John O’Donohue & Yearning to Belong

Posted by Censor Librorum on May 22, 2008 | Categories: Arts & Letters

John O’Donohue was an Irish poet, author and Catholic scholar who lived in the solitude of a cottage in the west of Ireland and spoke Gaelic as his daily language. His acclaimed writings reveal an original thinker rooted in a blend of Irish heritage, German philosophy, western theology, and an intimate relationship with the ancient, luminous landscape of his home.johnodonohuelrg1.JPG

He spoke of mystery, wildness, our human yearning for “home,” and our sense of exile from the denuded, soulless, and empty landscapes of our time. He often returned to the scouring experience of loss, which he believed paradoxically opened us ┬áto growth.

For 19 years he served as a parish priest in the west of Ireland, but always felt the urge to write, as well as a mounting tension between Irish Catholicism’s traditional stance and his own liberal position. In a radio interview long after leaving the priesthood, he spoke of ministering to people in the parish: “I was trying to refine their fingers…so that they could undo so much of the false netting crippling their own spirits.”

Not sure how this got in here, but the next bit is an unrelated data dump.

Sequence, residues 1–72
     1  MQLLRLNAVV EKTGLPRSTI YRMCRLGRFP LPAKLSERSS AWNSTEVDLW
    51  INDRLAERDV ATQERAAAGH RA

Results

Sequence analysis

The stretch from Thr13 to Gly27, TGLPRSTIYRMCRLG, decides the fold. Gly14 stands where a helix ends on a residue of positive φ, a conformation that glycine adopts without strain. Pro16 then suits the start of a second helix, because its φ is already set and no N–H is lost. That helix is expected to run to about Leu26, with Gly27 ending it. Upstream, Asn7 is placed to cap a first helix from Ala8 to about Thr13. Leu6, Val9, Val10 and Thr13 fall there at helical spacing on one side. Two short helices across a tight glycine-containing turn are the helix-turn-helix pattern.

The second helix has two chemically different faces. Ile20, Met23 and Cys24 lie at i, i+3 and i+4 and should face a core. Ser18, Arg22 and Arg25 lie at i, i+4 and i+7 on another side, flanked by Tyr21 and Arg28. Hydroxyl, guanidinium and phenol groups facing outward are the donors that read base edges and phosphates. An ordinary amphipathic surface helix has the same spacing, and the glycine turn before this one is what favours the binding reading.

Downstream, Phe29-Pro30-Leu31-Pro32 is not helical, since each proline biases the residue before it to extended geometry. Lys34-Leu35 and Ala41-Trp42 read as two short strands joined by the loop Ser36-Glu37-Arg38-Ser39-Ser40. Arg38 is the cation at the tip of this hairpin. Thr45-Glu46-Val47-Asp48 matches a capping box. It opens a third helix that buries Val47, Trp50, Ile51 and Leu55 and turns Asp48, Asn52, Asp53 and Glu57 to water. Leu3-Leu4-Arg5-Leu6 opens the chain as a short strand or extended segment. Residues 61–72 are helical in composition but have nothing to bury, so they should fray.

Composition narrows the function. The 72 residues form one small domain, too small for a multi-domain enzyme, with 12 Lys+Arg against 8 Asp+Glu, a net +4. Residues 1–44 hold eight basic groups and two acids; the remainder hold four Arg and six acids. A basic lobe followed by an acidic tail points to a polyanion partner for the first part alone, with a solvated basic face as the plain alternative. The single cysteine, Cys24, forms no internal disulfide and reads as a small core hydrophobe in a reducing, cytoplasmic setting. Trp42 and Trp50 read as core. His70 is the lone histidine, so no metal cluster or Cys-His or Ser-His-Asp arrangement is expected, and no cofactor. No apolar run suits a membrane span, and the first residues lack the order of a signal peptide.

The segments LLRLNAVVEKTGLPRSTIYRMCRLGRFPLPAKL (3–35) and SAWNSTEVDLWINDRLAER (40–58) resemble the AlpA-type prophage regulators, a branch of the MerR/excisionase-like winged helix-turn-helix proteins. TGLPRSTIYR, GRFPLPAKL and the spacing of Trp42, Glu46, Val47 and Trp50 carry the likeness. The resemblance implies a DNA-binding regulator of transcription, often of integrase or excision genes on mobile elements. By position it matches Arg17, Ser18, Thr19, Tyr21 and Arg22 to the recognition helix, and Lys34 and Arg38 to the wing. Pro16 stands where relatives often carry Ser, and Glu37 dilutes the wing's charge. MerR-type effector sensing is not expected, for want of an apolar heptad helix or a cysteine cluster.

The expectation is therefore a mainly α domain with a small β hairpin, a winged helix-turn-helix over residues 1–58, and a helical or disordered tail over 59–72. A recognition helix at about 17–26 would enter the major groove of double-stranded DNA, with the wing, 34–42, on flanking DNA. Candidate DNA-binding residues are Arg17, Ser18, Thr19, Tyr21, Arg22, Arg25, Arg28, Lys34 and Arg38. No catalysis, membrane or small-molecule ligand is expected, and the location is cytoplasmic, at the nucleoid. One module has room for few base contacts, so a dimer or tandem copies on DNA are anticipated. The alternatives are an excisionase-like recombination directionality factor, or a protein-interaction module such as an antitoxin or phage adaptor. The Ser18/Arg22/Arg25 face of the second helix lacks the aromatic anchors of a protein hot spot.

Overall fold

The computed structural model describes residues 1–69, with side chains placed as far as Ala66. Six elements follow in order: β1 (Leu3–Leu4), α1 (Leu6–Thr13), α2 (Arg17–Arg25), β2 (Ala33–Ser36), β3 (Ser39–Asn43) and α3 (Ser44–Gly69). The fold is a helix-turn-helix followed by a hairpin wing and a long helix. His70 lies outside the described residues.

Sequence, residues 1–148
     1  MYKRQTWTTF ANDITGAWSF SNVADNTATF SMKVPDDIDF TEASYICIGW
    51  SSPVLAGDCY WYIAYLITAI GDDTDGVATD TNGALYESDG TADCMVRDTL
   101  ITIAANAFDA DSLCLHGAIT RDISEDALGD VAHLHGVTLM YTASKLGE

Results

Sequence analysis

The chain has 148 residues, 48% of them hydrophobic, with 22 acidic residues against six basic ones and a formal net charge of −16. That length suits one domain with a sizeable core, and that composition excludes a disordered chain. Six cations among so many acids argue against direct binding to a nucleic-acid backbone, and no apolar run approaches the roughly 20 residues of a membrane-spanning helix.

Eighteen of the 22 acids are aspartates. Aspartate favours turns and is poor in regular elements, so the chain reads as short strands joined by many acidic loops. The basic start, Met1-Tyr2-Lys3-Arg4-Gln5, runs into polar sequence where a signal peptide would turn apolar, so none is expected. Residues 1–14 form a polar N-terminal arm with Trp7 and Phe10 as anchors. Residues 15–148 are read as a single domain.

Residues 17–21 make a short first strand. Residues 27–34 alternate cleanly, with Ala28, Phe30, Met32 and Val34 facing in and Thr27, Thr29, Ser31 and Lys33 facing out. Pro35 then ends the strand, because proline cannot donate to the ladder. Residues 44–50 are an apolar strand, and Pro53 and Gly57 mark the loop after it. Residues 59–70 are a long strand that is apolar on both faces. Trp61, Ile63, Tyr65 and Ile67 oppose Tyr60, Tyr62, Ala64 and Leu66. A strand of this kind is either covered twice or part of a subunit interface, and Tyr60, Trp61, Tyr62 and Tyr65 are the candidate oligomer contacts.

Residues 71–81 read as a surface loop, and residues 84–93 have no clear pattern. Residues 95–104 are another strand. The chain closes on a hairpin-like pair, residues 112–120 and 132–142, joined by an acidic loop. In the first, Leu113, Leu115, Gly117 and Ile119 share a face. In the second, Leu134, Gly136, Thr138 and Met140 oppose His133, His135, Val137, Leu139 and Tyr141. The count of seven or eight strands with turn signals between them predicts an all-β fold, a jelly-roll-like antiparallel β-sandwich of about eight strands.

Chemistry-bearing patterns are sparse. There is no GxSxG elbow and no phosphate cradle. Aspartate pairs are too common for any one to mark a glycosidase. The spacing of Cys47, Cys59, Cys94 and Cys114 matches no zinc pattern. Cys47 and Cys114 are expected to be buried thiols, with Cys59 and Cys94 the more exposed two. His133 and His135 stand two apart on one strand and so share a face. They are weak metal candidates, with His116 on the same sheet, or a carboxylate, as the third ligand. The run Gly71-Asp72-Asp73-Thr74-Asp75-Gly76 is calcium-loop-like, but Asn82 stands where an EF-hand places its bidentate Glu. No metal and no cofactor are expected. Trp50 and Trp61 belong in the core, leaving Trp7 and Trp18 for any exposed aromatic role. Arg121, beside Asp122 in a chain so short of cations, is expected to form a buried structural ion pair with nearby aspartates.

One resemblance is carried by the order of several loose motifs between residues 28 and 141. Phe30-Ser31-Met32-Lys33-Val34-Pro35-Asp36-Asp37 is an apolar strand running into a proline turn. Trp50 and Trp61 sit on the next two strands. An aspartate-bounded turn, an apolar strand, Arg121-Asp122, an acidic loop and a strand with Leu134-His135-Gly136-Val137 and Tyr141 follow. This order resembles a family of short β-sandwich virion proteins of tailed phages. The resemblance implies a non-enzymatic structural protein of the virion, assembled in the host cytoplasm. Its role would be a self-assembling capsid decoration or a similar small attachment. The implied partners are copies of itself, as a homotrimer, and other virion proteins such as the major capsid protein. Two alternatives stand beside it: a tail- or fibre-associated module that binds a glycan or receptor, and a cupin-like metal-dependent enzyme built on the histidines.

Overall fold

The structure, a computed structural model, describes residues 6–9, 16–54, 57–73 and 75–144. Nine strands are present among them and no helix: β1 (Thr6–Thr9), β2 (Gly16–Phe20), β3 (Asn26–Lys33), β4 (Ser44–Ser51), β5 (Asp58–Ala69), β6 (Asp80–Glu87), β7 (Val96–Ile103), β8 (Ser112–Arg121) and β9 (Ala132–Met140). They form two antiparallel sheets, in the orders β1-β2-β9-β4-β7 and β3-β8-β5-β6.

With degrees in philosophy and English literature, and a Ph.D. in philosophical theology from the University of Tubingen in Germany, O’Donohue was one of the most articulate voices of living Celtic Christianity and wisdom, and the beauty of Christian mysticism.

He is the author of two collections of poetry, Echoes of Memory and Conamara Blues; and several books, including the international bestsellers Anam Cara (Soul Friend) and Eternal Echoes: Exploring Our Yearning to Belong.

“This hunger to belong is the echo and reverberation of your invisible and eternal heritage. You are from somewhere else, where you were known, embraced and sheltered. This is also the secret root from which all longing grows. Something in you knows, perhaps remembers, that eternal belonging liberates longing into its surest and most potent creativity.”

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